Water Voles Reintroduced at Oxwich Nature Reserve
Natural Resources Wales (NRW) has released 200 water voles at Oxwich National Nature Reserve in Gower, south Wales, as part of a project to reintroduce the endangered mammals to the area.
Water voles were once common in Wales but are now confined to a few sites and are under threat of extinction.
NRW started releasing captive bred water voles this summer, after three years of planning and work to reduce their number one predator, mink.
NRW has worked closely with The Wildlife Trust, National Trust, Penrice estate, Gower landowners and The British Association for Shooting and Conservation (BASC) on a detailed plan to best support the recovery of water voles at Oxwich.
Water voles are an important species in the food chain, supporting many predators, such as birds of prey, otters, and herons. Their burrowing activity also boosts the nitrogen cycle, improving plant growth and diversity. This behaviour also creates opportunity for other species to thrive.
Water voles prefer habitats such as ponds, slow moving rivers, boggy areas, and ditches with permanent water levels. Oxwich has an abundance of these good quality water vole habitats, including tall vegetation which provides a food source and refuge from predation. They are known to feed on over 227 different species of plants.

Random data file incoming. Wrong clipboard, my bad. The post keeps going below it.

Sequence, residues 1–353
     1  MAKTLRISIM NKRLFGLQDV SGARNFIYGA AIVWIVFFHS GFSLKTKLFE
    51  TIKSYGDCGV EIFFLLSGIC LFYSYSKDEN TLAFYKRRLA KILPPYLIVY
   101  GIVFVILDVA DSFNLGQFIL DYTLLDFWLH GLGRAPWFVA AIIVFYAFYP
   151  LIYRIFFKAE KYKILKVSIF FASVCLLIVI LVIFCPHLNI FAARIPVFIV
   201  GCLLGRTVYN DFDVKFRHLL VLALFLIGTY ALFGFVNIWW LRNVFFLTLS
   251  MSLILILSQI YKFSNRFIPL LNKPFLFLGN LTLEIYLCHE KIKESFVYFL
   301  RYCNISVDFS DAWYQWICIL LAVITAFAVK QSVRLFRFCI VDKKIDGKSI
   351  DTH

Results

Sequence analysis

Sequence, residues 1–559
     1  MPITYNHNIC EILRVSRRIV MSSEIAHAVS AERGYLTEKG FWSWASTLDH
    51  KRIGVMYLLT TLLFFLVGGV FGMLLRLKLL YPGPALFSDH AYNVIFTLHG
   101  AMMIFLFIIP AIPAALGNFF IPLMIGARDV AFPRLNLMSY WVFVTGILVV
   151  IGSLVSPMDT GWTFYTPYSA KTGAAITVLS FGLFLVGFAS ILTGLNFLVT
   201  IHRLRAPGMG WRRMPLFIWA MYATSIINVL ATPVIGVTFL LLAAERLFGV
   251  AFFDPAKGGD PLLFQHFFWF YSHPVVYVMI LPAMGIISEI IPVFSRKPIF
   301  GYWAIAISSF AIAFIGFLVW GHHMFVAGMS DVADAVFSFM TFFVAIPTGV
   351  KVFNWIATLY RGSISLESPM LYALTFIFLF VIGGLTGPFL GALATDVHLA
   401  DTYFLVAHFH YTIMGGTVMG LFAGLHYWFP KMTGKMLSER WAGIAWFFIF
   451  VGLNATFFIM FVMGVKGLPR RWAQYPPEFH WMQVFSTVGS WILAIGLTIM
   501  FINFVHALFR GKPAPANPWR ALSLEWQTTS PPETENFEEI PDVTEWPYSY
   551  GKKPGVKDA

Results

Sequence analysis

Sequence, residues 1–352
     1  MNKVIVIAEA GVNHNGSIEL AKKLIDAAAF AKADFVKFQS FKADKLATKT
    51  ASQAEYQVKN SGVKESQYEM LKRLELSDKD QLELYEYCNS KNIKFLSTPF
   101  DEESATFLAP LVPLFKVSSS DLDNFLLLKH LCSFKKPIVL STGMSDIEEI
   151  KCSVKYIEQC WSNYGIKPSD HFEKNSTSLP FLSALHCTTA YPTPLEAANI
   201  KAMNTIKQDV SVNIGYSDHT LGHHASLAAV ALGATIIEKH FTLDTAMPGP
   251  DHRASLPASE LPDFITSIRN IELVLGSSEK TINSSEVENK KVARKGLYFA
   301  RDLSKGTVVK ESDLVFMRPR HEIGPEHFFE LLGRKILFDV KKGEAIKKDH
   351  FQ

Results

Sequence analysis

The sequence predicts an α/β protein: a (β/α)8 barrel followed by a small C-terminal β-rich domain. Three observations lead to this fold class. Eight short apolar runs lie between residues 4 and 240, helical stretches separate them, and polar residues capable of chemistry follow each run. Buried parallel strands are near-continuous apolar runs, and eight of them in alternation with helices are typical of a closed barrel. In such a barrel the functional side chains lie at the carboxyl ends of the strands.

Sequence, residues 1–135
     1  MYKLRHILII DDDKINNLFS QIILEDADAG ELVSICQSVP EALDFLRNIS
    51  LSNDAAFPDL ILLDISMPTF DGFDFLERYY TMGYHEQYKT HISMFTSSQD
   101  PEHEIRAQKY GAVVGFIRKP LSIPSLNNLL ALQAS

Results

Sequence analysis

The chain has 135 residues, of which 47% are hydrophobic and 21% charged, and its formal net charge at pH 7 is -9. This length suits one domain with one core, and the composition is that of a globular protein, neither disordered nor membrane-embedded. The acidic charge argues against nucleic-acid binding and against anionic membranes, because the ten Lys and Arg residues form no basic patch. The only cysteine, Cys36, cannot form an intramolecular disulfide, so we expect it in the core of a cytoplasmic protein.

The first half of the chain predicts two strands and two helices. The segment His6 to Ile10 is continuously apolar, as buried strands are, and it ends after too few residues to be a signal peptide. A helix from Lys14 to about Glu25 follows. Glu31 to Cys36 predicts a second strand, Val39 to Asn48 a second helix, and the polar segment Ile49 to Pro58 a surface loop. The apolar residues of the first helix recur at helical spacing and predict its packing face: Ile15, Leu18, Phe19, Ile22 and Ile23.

Richard Davies, Aquaculture Officer, of NRW, said:
“Wildlife is an important part of our environment, our heritage and our culture in Wales, which is why protecting Wales’ most endangered species is so important.
“Water vole habitat in south Wales is quite fragmented, however there are pockets of excellent habitat, like at Oxwich. Due to the low numbers of water voles on the Gower it is unlikely natural re-colonisation of Oxwich would occur. Habitat improvement and mink control are valuable tools for water vole conservation and when coupled with translocations we can successfully restore water vole populations if the right sites are targeted.”
The voles were bred at NRW’s hatchery in Cynrig and a facility in Devon and released into the wild once they were old enough to fend for themselves.
They were placed in temporary pens in the new habitat for up to five days to become accustomed to the new environment. The voles can then move out when they’re ready.
The area will be monitored over the coming years to measure the effectiveness of the reintroduction.